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Your Las Vegas Home Buying Guide

With the median price of a single-family home still under $200,000, according to the Greater Las Vegas Association of Realtors (GLVAR), home buyers are eager to take part in the action. You should have a home buying guide instead of settling for a gamble.

If you walk into a Las Vegas casino, you can place a bet on the spin of a wheel. When it comes to buying a home, you should have a home buying guide instead of settling for a home buying gamble. With the median price of a single-family home still under $200,000, according to the Greater Las Vegas Association of Realtors (GLVAR), home buyers are eager to have a part in the action. Although GLVAR data also reports an increase in available inventory, the number of buyers who are actively looking still significantly outnumbers sellers. Here is a home buying guide for navigating this unique market so that you can hit these tables prepared instead of playing Las Vegas real estate roulette.

Before You Shop

If you are a cash buyer, you are not alone. These sales account for roughly half of all transactions around town in recent years. If you do not have the capital available for the full purchase, do not fret. Down payment assistance for first-time home buyers is available through Neighborhood Housing Services of Southern Nevada (NHSSN), and other income-based assistance programs are available through Housing for Nevada (HFN). Whatever your financing, you should have a preapproval in hand before you go home shopping.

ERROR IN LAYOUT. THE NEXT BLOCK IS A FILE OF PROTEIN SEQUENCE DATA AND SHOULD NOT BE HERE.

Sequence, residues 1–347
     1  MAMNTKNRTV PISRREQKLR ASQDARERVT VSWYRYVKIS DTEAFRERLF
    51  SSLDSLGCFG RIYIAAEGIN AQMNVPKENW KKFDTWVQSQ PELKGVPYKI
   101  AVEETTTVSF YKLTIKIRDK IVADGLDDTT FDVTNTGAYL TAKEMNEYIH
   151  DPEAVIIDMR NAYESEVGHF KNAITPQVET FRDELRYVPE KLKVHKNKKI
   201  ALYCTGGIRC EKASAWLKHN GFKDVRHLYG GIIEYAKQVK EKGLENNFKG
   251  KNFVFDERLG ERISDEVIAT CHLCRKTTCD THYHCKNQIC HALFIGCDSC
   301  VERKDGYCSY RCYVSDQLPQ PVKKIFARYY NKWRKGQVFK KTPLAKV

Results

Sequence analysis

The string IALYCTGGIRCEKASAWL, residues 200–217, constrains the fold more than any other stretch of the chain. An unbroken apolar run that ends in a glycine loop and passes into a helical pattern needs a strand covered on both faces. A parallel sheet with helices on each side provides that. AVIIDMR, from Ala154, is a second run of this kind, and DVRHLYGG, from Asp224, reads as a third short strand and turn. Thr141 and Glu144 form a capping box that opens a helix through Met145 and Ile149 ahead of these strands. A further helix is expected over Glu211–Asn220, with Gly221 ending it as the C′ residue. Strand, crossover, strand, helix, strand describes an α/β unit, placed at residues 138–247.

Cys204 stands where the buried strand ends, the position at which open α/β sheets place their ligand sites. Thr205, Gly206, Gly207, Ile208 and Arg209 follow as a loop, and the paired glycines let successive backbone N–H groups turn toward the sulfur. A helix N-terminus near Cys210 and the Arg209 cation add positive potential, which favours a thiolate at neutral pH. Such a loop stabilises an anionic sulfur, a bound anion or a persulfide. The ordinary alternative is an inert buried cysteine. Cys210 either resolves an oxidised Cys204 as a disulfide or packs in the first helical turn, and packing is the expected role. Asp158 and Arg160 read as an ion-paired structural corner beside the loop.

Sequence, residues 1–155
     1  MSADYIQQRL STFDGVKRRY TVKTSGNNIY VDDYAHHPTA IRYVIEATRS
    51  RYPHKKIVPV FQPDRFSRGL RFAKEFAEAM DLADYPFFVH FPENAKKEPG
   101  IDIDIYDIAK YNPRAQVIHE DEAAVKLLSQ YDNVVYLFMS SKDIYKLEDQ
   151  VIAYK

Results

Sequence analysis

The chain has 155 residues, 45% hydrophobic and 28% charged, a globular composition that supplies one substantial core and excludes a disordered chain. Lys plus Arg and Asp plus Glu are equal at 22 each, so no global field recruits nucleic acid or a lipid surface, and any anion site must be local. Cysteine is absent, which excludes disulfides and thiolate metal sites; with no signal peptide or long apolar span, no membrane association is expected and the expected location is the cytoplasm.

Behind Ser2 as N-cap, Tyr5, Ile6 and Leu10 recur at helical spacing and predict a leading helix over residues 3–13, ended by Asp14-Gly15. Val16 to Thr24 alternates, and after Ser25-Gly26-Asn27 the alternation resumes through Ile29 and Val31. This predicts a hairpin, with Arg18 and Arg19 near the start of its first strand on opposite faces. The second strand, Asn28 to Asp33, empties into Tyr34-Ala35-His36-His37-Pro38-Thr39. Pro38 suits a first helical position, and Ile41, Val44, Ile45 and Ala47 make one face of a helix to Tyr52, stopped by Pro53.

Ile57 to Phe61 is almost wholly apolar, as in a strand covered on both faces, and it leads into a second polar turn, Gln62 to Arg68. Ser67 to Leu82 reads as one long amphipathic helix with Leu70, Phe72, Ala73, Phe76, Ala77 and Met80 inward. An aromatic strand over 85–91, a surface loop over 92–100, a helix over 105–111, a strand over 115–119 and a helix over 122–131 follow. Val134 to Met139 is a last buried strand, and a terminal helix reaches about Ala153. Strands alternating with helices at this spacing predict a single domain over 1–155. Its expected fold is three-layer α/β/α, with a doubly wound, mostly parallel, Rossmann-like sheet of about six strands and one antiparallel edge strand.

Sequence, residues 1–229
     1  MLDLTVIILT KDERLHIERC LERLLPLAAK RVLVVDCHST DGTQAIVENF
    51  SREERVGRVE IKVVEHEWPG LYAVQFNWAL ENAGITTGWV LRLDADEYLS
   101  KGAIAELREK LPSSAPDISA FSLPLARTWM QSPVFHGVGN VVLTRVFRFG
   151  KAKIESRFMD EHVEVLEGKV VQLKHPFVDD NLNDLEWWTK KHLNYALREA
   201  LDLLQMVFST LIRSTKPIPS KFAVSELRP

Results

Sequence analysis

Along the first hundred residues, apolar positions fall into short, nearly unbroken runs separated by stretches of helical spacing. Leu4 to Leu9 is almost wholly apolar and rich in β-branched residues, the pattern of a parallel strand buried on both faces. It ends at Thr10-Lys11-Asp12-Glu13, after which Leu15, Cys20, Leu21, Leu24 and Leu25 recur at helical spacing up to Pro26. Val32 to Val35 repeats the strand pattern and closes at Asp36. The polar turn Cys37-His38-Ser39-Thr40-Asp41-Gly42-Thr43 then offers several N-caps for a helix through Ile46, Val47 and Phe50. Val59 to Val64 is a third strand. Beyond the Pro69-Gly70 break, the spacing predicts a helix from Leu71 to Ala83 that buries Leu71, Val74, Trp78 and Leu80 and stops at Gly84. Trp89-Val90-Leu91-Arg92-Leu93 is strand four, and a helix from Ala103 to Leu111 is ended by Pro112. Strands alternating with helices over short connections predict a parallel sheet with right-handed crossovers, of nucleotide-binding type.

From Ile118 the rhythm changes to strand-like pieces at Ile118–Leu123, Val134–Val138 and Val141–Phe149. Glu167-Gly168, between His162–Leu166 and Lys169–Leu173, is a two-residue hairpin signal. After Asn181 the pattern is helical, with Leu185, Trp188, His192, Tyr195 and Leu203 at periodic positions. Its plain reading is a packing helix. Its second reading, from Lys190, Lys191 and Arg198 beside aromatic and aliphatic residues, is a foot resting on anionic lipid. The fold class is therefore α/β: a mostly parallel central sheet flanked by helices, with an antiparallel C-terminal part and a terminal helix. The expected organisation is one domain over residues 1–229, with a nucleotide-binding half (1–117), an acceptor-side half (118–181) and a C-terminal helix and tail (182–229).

Success also requires an appropriate amount of funds available for an earnest money deposit (generally about 1% of the total purchase price) and down payment (anywhere from as little as 3.5% for an FHA loan to 20% for a conventional mortgage with less-than-perfect credit). Now you are ready to go house hunting.

The Hunt for a Home

If nothing else, this home buying guide should give you a realistic perspective on the Las Vegas market. Expect that every home that you like will have multiple offers. Be prepared to write more than one offer. In other words, do not get totally stuck on just one property. Keep an open mind, and keep moving forward until you succeed in getting an offer accepted on a home that you truly desire. A qualified real estate professional will be able to help you navigate this maze successfully. Although more traditional sellers have entered the market now, real estate owned (REO) (i.e., bank-owned) and short sales still make up a sizable portion of what is available. Many bank-owned properties need some extra attention, and short sales can take additional time to clear the entire approval process with lien holders. For an average transaction you should plan on as much as one to two months of searching and writing offers, two days to three weeks for a seller’s response on an offer, and a 45- to 60-day escrow period.

Practical Considerations

Despite careful planning, your Las Vegas home buying experience will inevitably contain some of the town’s signature element: chance. This makes planning the transition from your current residence challenging. For renters, try to negotiate month-to-month status and ensure 30–45 days of additional lease time past your expected closing date. By doing this, if any issues arise that delay closing, you will not have the stress of having to move prematurely.

If you cannot arrive at this sort of arrangement, make sure to have a short-term living option in place. One issue may affect the progress of your transaction: Prices in Las Vegas are increasing, which can cause some appraisals for financed purchases to come in low. Working with experienced lenders and real estate agents will prove advantageous for getting through this and other hurdles on the way to owning your home.

Image Source: Flickr/Emre Ersahin

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